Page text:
Age and gender are also major factors to be considered. For children aged 6-10 the New International Reader’s Version Adventure Bible is a good option. The Manga Bible is great for older children because it utilizes an engaging cartoon format. The Women’s Devotional Bible may be an option for women and seniors are usually more comfortable with a Giant Print or Legacy Bible.

Finally, if you use an electronic reading device, tablet or smart phone, then you should consider downloading the YouVersion, Glo Bible, or Bible.is App. The Bible Gateway App is another option – it gives you a choice of more than a 100 English and 45 versions in other languages.

If you’re still not sure, you’re not alone. I’ve got nearly a hundred different printed Bibles in my personal library!

© Scripture Union Canada 2013


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Pensees and Questions

What will the shape of Bible engagement be in the years to come? Here are some pensees and questions for consideration:

  • Are there imaginative new ways to fuse the dramatic and creative arts with the Word? How can artists who respect the power of truth be encouraged to give creative expression and visual beauty to the Word?
  • We have migrated from Gutenberg to Google. How do we continue to facilitate connections with the Bible so that engagement becomes more than words and images on a screen?
  • Should the Bible be liberated from the constraints of individualism? What new formats might better facilitate communal Bible reading, exploration and reflection?
  • What types of formats, presentation styles or delivery systems of the Scriptures are best suited to communal hermeneutics?
  • How can Bible engagement tied to screen to screen connexity be fused with face to face community?
  • What can or should be done to invite non-Bible readers, both as individuals and in community, to engage with the Bible?
  • How can the profile of the Bible be raised both inside and outside the church?
  • Is there a way to develop online contextualised illustrated display Bibles as public exhibits of how we value the Scriptures?
  • Should we be seeking progressive ways to promote the primacy of the Scriptures? What are the descriptors for this generation that best communicate a high view of the Scriptures?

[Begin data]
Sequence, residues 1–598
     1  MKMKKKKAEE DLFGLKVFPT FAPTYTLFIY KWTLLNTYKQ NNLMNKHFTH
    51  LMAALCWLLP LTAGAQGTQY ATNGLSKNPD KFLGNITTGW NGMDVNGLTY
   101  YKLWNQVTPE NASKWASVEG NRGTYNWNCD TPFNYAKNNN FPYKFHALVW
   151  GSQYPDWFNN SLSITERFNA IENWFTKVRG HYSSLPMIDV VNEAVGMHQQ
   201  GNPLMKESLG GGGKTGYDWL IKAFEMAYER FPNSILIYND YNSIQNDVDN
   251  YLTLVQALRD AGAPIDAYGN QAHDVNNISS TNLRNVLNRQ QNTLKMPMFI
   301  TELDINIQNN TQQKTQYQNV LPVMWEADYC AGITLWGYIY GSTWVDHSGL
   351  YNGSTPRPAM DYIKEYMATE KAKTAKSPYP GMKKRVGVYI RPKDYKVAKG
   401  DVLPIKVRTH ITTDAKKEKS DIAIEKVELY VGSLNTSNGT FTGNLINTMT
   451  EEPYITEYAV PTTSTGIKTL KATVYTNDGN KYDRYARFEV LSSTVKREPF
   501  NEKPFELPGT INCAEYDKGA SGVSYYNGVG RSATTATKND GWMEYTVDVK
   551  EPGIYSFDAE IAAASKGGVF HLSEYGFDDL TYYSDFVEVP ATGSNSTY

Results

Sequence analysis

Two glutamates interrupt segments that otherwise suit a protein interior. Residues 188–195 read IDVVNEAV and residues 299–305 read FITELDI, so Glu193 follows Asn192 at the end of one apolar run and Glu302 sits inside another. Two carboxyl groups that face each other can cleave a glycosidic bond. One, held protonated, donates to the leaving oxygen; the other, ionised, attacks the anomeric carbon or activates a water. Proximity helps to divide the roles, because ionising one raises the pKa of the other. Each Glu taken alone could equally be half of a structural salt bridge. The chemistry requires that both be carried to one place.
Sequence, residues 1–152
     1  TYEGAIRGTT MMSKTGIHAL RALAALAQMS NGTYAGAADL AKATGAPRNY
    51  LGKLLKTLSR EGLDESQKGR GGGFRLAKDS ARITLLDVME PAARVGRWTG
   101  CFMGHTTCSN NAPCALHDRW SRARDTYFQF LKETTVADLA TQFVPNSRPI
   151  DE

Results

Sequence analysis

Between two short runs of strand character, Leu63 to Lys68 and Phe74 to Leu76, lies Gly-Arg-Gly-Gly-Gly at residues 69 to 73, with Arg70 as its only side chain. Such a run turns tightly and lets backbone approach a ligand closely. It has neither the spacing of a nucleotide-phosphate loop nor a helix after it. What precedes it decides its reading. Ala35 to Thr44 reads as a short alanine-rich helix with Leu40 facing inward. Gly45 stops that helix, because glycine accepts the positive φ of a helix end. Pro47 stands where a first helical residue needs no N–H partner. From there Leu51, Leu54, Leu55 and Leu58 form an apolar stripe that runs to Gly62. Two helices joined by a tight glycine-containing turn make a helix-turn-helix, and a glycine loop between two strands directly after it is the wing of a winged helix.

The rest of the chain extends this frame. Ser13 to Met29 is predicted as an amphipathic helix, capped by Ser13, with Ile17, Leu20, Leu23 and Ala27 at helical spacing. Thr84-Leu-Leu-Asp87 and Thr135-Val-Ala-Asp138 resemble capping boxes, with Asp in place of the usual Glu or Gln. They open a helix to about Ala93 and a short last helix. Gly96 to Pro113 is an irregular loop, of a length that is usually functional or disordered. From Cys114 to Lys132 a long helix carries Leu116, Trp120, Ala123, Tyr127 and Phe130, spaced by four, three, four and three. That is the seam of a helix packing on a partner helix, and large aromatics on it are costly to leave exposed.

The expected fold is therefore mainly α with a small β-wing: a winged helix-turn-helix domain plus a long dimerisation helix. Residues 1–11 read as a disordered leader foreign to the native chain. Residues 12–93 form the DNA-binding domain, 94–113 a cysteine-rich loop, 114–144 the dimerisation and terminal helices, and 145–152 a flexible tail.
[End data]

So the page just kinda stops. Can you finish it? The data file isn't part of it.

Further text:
• How might hypertext be better used to invite engagement with the Bible? How can we leverge the internet so that more people engage the Bible in ways that result in meaningful encounters with Christ and life transformations?
  • What are the best ways, in today’s context, to invite children and youth to hook up and interact with the Bible so that they ultimately choose to hold a biblical world view?
  • Concerning the Western tendency to compartmentalize and dichotomize: How can we better develop resources to help people engage the Bible with both their heads and their hearts?
  • How can the Bible be shared in real time with suitable symbols and prophetic metaphor?
  • What improvements need to be made with delivery systems so that the Bible is accessed in more multisensory, interactional and user-friendly formats?
  • Would it be helpful to publish a Bible that shows by its formatting what literary genre is primarily being used?
  • How do we teach/educate people to read the Scriptures in context? Is there a way to wean people from manipulating the Bible for selfish or skewed agendas?
  • What are the ways to improve reaching anyone, anywhere, anytime with the Bible?
  • How can we do the above so that favourable conditions are created for divine-human encounters?

What questions or pensees do you have about the shape of Bible engagement in the future?

© Scripture Union Canada 2013


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Family Faith Formation

Family matters! Here are several practical suggestions to help get the family into the Word:

  • Use versions of the Bible suitable for the grade level of each member of the family. You’d think this would be a no-brainer, but some parents give their children the KJV, NRSV, RSV or NASB (versions using grade 11 language). A child should understand what he or she is reading. Consider giving children the NIrV, NCV, TEV or NLT (versions using grade 3-6 language), give teens the CEB or NKJV (versions using grade 8 language) and give young adults the ESV or NIV (versions using grade 10 language).
  • Utilize video, internet and other technology to augment and accentuate the stories of the Bible. About two thirds of 8-18 year olds own cell phones, iPods or MP3 players and about one third own laptops. In a multimedia society it’s essential for families to be able to interact with the Bible electronically. Use social media and other means to share, tweet, text or comment on a verse.
  • Have Scripture easily accessible around the home. Display favourite verses with cool prints. Hang up Scripture posters or write/paint a special text for a child or teen on the walls in their rooms.
  • Enjoy family devotionals after dinner every day. Get everyone involved. Be enthusiastic, authentic and creative. Act out scenes in the Bible with props and costumes, pull out instruments and worship, download YouTube videos, benefit from hearty theological debates, read Bible narratives dramatically with each characters ‘lines’ in the story read by different members of the family, etc.
  • Help children and teens pick out devotionals they like at a local Christian bookstore or online. For great age appropriate Bible reading guides check out  http://scriptureunion.ca/bible-guides
  • Pray and read the Bible with young children before they go to bed. There are excellent biblical books for young children available at http://scriptureunion.ca/books-for-children
  • Be seen to be reading and reflecting on the Bible. More is caught than taught! When we see other members of the family digging into the Word it encourages us to do likewise.

© Scripture Union Canada 2013